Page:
Updated 12.29.2018 to include new recommendations.
When it comes to photography we’re living through an unparalleled digital renaissance. There is so much amazing technology, and at prices that belie the capability it puts into our hands, that it–for lack of a better expression–boggles the mind. So how to choose your DSRL accessories?
I’ve been writing about DSLR since I bought a Canon EOS Rebel T2i and have not looked back.
EOS T2i: That camera changed everything for me.
I dumped a Vixia camcorder (no slouch) and exclusive rely on Canon DSLRs for photos and most notably videos here on Stark Insider.
Quick tip. If I had to do it again, and buy a bang-for-the-buck DSLR with gobs of power and features, without breaking the bank, I’d go for the Canon EOS Rebel T3i. It improves on the T2i, including a swing out LCD display that I really like, and still carries characteristic ease-of-use and reliability. I’m loving my EOS 60D (and now 70D and 80D), but the T3i and T2i use the same sensor, and can be had for a good deal.
Over the years I’ve accumulated several add-ons, including microphones, batteries, tripods, lenses, and all sorts of doo-dahs. It can kind of sneak up on you! So I finally took some time to catalog some of my favorite accessories and decided to share them here.
I had one important rule for this list: I must own at least one of every single accessory mentioned, and believe it to be of the highest quality and/or value.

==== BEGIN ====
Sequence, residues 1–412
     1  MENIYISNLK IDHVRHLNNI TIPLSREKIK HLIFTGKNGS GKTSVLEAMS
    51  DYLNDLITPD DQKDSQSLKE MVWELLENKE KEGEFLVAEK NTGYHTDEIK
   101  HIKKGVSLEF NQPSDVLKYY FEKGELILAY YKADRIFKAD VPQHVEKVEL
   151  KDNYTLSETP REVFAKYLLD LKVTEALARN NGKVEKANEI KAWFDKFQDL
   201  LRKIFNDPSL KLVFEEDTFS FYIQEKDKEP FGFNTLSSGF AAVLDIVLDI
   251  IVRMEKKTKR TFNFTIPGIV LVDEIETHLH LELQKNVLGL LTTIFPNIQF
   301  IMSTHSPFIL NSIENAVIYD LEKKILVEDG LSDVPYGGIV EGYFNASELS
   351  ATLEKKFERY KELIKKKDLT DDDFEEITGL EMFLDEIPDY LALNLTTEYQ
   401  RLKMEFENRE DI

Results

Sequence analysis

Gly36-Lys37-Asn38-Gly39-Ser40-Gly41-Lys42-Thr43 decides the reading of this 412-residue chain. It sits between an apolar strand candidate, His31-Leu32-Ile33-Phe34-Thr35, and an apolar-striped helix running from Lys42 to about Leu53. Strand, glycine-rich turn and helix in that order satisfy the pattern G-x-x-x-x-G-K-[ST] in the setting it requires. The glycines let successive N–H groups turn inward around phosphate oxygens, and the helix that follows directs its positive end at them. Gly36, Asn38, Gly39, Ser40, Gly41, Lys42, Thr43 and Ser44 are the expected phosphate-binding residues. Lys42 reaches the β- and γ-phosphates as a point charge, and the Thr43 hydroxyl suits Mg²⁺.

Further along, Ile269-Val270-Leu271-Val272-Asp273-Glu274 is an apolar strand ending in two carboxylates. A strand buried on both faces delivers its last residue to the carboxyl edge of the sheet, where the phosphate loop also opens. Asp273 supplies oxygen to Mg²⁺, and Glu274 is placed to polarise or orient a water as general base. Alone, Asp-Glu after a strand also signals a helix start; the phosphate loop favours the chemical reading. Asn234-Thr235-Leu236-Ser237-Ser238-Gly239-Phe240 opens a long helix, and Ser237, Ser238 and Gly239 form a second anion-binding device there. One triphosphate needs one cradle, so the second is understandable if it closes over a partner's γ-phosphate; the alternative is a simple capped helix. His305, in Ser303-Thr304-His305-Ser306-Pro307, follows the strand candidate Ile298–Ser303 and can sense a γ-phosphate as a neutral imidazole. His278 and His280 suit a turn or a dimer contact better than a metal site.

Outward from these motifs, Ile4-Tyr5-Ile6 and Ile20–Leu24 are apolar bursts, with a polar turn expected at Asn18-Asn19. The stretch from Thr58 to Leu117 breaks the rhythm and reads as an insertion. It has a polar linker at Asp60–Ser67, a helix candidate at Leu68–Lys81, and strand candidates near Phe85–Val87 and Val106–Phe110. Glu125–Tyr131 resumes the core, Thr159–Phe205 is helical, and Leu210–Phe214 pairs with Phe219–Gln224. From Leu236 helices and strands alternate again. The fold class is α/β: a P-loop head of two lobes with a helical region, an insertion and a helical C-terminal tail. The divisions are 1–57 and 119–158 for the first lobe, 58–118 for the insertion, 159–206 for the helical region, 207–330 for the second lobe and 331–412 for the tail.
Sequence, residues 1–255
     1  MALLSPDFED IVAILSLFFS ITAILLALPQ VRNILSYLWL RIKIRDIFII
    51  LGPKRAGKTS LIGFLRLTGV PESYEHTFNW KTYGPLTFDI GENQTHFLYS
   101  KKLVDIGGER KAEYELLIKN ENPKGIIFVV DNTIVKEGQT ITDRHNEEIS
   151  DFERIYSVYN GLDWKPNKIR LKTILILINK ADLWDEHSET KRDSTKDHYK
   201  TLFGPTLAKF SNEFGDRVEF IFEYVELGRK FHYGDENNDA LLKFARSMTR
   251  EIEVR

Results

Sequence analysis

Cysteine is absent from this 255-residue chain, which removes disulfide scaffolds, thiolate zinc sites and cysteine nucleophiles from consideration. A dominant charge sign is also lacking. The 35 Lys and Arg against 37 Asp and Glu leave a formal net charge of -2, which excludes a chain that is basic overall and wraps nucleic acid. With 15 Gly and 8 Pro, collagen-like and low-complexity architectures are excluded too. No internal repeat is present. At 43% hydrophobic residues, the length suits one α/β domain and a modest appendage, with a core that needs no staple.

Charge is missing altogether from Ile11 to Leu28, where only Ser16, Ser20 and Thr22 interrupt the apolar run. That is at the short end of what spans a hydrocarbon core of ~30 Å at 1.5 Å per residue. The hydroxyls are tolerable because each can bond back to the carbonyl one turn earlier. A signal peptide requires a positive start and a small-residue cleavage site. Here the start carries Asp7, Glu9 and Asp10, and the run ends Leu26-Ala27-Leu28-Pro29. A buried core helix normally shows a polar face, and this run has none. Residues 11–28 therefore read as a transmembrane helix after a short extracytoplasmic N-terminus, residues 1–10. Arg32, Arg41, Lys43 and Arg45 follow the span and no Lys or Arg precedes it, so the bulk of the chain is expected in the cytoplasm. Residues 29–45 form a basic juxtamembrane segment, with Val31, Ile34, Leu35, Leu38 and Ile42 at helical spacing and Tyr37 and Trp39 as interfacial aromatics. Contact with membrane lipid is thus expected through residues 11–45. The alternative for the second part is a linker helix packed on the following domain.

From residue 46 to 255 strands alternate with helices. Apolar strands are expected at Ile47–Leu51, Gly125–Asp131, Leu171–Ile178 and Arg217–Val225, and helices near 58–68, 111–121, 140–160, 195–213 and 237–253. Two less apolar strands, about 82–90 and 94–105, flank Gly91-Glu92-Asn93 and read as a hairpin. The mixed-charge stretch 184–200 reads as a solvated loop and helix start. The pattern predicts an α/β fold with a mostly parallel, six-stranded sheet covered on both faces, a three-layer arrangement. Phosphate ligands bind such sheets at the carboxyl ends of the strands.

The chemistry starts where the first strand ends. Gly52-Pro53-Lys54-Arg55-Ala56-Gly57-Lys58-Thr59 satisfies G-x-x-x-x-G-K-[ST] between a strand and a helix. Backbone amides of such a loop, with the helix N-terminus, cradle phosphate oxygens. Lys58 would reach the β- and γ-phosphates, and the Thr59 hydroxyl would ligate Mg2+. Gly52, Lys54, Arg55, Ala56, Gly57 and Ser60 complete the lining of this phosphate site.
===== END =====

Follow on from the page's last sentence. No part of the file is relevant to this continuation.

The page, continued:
My top 10 list is Canon-centric, but many of these ideas will work for Nikon, Sony, Olympus and other makes. I tried to stay around $100-200, and mostly hit the mark; though I did include a few splurge ideas.
Top 10: Best DSLR Accessories for Aspiring Videographers
1. Rode Videomic Pro
If you want to do video right, get this shotgun mic. It’s hands down the best one out there for the price. Sound quality is impressive, it’s small enough not to get in the way, and the battery goes for miles and miles and miles. It’s on my 60D/70D about 95% of the time, and has never failed me once. See below for Stark Insider video shot with the Rode. Here’s my Rode Videomic Pro review if you’d like to read more.
2. Canon 50mm Lens
Ask any photographer for their favorite lenses, and this 50mm beauty will almost always make the top three. Excellent for portraits, and a superb pick for street photography, there’s a reason why it’s a perennial best seller for Canon. In low light situations I turn to the nifty fifty.
3. AmazonBasics Tripod with Bag
There are far more expensive tripods out there, with advanced features, but for me, this AmazonBasics tripod does the trick. I really like the lightweight design, which allows me to easily swing it over the shoulder or pack into a bag without much hassle. The built in levels and quick release plate are handy for shooting on the go.
4. Lens Filter
Okay, a slightly boring entry, but a must-have. Repeat after me: the first thing I will do after buying a new lens is protect it (see my potential disaster averted thanks to a cheap Rocketfish filter). The important thing to know is the size of the lens. Typical sizes are 58mm and 72mm, but there are many others too. I prefer filters without effects.